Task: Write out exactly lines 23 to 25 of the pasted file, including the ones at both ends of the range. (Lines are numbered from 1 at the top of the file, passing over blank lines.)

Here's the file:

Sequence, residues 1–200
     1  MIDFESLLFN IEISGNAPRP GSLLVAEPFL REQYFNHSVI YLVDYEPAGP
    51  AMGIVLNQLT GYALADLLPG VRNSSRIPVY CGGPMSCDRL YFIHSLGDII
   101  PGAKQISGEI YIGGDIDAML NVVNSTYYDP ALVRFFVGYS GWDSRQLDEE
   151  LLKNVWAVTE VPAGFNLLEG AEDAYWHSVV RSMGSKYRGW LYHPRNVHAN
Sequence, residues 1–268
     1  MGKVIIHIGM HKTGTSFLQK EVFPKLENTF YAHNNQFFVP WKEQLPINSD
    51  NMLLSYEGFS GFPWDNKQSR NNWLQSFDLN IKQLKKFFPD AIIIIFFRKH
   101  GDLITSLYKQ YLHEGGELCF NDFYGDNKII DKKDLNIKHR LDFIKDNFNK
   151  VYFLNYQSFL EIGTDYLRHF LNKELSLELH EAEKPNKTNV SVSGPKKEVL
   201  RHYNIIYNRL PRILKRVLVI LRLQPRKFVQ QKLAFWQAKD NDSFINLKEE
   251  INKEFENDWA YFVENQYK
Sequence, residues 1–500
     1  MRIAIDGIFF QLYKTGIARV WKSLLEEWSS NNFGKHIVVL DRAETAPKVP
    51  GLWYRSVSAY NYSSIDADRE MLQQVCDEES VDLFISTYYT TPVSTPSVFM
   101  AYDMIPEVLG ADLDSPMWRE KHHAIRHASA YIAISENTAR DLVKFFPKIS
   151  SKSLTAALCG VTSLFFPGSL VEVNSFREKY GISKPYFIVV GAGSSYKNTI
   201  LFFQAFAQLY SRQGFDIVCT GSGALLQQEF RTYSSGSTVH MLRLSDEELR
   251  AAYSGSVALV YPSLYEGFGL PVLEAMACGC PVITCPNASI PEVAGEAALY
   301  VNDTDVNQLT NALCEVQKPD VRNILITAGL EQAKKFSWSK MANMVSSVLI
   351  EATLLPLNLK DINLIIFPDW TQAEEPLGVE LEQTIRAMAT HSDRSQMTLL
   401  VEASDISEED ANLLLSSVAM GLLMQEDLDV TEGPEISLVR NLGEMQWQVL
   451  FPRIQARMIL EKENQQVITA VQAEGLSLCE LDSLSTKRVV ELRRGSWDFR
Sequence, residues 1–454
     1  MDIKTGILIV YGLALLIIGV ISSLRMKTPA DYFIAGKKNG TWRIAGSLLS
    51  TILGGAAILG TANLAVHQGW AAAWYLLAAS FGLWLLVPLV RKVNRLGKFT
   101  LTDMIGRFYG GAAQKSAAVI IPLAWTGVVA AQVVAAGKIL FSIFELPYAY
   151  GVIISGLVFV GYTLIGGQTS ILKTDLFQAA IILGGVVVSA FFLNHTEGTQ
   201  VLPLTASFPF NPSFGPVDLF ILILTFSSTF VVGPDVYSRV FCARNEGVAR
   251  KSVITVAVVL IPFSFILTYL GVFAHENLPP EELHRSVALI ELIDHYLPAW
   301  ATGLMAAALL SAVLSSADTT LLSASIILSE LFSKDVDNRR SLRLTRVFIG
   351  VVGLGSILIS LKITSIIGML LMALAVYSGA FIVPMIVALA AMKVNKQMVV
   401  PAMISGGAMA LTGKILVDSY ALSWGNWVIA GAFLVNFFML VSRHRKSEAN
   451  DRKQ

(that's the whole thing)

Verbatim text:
   451  FPRIQARMIL EKENQQVITA VQAEGLSLCE LDSLSTKRVV ELRRGSWDFR
Sequence, residues 1–454
     1  MDIKTGILIV YGLALLIIGV ISSLRMKTPA DYFIAGKKNG TWRIAGSLLS